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But the landing system is designed with the safety of personnel and ground facilities in mind. The rocket’s guidance system initially targets an off-shore “impact point” and only moves the target on shore to the landing pad during a final rocket firing and only after verifying all systems are operating properly.

During Wednesday’s landing, the flight computer recognized the grid fin problem and never moved the impact point ashore during the final engine firing.

“The important point here is we have a safety function on board that makes sure the vehicle does not go on land until everything is OK, and that worked perfectly,” Hans Koenisgman, SpacerX vice president of build and flight reliability, told reporters. “The vehicle kept well away from anything where it could pose even the slightest risk to population or property.

“Public safety was well protected here,” he added. “As much as we are disappointed in this landing, or landing in the water, it shows the system overall knows how to recover from certain malfunctions.”

Offline Flyaway

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Re: SpaceX (general discussion)
« Reply #1342 on: December 06, 2018, 08:27:22 am »
https://twitter.com/julia_bergeron/status/1070702026814877697

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Hawk and our wayward booster. The line is currrently attached around the leg and anchored to a hold down point. #SpaceX #SpaceXFleet @elonmusk

Offline Michel Van

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Re: SpaceX (general discussion)
« Reply #1343 on: December 06, 2018, 11:49:55 pm »
current state of salvage operation 

Warning Bad audio best watch silent
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Offline Flyaway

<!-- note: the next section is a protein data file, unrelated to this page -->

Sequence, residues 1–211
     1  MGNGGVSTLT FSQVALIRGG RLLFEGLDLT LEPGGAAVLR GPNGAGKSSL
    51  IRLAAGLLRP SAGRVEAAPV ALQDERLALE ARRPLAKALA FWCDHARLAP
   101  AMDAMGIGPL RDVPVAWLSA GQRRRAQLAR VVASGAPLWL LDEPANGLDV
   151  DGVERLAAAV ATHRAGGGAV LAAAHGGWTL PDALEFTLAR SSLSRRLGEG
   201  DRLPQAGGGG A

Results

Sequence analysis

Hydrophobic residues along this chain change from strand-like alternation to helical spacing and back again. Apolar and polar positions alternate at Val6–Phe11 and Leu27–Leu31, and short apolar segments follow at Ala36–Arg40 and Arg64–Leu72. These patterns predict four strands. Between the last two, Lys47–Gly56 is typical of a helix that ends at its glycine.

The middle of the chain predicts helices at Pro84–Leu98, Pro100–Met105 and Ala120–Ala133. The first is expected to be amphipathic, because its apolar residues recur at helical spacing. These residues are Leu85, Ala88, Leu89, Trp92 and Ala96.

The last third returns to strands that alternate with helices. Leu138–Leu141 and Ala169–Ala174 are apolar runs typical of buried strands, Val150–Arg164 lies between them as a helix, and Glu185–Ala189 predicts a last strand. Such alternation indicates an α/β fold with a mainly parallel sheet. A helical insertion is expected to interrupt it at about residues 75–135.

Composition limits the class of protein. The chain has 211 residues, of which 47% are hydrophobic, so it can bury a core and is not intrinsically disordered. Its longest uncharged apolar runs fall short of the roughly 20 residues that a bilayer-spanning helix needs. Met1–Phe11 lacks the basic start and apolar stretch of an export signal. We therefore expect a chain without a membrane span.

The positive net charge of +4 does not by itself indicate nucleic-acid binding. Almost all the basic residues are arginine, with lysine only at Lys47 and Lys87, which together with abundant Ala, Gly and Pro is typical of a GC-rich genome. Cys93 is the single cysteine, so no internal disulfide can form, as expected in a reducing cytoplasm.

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Re: SpaceX (general discussion)
« Reply #1344 on: December 07, 2018, 01:55:06 pm »
NASA and SpaceX still aiming for January commercial crew test flight

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While a SpaceX commercial crew test flight might not launch on a date in early January previously announced NASA, both agency and company officials are optimistic the mission will still fly later in the month.

Offline Michel Van

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Re: SpaceX (general discussion)
« Reply #1345 on: December 08, 2018, 12:09:35 pm »


in the mean time Unit B1050.1 is pulled into Harbor of Cap
Biggest problem the Interstage section and  Holder is to damage
but Space X manage to pull stage out water




Source Youtube and NasaSpaceFlightForum
« Last Edit: December 08, 2018, 12:12:03 pm by Michel Van »
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Online TomcatViP

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Re: SpaceX (general discussion)
« Reply #1346 on: December 08, 2018, 12:27:14 pm »
Did they remove one of the leg to lift it on the cradle or was that broken during the landing?

Offline Tuna

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Re: SpaceX (general discussion)
« Reply #1347 on: December 08, 2018, 07:33:35 pm »
Quote from: Musk's twitter
Quote from: Everyday Astronaut
their new Starship and Super Heavy will be all carbon composite (mostly)
The new design is metal
Fairly heavy metal, but extremely strong

Wouldn't have guessed that one. Shiny stainless steel retrofuture is go?

Offline totoro

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Re: SpaceX (general discussion)
« Reply #1348 on: Today at 02:50:21 am »
Watched the live launch today. Seemed like the first stage made a water landing. First it started to spin a lot (don't know if that's normal) and then they just stopped broadcasting the feed from that camera. Then someone mentioned the water landing.

would that be the second water landing in a row now?